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Congress, Airlines Clash Over Customer Service Mandates

With public frustration rising after a string of highly publicized weather-related airline delays, air carriers are bracing for Congress — led for the first time in 12 years by a pro-consumer Democratic majority — to enact new customer service regulations.

Lawmakers in both chambers are offering similar but distinct bills that would crack down on delays and require better service for travelers when planes are grounded. The airline industry opposes new Congressional regulation, with carriers vowing to take their own steps to improve service.

Legislation by Sen. Barbara Boxer (D-Calif.), S.678, would require airlines to give passengers the opportunity to deplane if a flight was delayed for more than three hours. Passengers would be allowed to deplane once every three hours, unless the pilot determines that the flight will leave within 30 minutes after the delay or if doing so will jeopardize safety or security.

Boxer’s measure, introduced last Saturday, likely will be referred to the Senate Commerce, Science and Transportation subcommittee on aviation, operations, safety and security, on which she sits.

Under the measure, airlines would be required to institute such policies within 60 days of enactment of the bill. Boxer’s bill also would allow the Transportation Secretary to create additional regulations for deplaning if service does not improve.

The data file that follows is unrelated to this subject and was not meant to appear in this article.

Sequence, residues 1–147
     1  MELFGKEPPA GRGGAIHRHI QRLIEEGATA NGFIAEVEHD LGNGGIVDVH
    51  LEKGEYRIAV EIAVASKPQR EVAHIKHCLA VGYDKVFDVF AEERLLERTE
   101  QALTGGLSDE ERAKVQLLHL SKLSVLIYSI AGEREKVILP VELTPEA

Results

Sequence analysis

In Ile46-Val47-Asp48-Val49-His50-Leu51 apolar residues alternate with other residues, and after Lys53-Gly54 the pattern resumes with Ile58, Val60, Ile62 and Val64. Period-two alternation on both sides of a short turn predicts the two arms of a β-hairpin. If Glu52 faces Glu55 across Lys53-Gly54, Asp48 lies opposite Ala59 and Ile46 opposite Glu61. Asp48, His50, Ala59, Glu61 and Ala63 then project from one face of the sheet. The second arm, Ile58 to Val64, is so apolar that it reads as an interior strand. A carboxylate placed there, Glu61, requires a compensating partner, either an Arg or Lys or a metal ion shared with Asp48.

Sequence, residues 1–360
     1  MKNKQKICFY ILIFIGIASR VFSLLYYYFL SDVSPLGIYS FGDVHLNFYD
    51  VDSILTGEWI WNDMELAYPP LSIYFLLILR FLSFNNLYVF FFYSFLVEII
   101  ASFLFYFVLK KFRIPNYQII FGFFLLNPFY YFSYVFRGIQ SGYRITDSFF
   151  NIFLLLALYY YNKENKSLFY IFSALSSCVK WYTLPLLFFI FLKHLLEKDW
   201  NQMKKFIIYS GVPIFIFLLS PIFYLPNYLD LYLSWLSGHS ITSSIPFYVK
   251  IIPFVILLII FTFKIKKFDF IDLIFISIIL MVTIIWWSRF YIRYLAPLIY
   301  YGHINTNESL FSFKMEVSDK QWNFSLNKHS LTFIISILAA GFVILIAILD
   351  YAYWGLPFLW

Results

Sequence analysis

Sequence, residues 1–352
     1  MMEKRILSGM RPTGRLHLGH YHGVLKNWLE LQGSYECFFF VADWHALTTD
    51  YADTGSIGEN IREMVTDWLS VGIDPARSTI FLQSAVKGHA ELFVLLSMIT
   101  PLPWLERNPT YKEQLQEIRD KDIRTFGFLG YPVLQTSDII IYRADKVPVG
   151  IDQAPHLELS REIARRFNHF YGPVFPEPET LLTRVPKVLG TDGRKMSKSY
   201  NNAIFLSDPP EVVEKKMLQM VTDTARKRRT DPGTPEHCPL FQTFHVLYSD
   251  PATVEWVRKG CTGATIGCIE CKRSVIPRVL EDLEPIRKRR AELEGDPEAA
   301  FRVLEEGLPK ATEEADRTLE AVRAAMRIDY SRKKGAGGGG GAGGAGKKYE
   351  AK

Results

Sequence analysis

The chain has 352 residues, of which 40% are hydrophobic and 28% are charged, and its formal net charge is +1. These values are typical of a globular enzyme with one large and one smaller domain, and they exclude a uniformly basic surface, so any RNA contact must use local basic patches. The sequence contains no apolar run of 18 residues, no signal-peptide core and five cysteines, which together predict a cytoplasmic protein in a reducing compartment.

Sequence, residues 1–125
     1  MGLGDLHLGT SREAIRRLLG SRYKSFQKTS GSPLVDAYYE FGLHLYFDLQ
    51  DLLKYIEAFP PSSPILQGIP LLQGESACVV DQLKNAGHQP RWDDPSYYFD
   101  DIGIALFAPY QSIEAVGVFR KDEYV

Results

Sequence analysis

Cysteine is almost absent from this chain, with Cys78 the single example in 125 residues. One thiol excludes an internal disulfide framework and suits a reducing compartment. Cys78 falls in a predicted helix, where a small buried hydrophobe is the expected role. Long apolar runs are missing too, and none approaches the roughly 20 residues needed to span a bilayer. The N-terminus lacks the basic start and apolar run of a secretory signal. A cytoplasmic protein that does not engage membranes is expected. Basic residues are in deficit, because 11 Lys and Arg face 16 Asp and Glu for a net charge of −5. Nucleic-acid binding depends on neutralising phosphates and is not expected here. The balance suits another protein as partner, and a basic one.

“Occasional delays may be unavoidable, but no one should be held hostage on an airplane for hours without food, safe drinking water or functioning restrooms,” Boxer said in a statement.

In the House, Rep. Mike Thompson (D-Calif.) plans to introduce a broader bill that, in addition to allowing passengers to deplane after being on the ground for three hours, also would require airlines to draft and display a passenger bill of rights.

Thompson has taken up the issue in response to one of his constituents, Kate Hanni, who launched a drive for a passenger bill of rights after she was stranded in Texas on a flight operated by an affiliate of American Airlines on Dec. 29.

Hanni and other airline industry watchdogs want a passenger bill of rights to cap the time any delayed flight can sit on the tarmac without letting passengers get off. They also want the bill to specify compensation when airlines fail to deliver services as promised.

Thompson’s bill also would require frequent updates about the cause and timing of delays as well as disclosure of information on chronically delayed flights or canceled flights at the time of ticket purchase. In addition, the measure would require airlines to make every effort to return checked bags to customers within 24 hours of a flight.

Separately, Rep. Steve Cohen (D-Tenn.) is proposing legislation that would address deplaning and access to food, water and sanitary bathroom facilities. Cohen’s staff says they currently are working out language but declined to provide further details.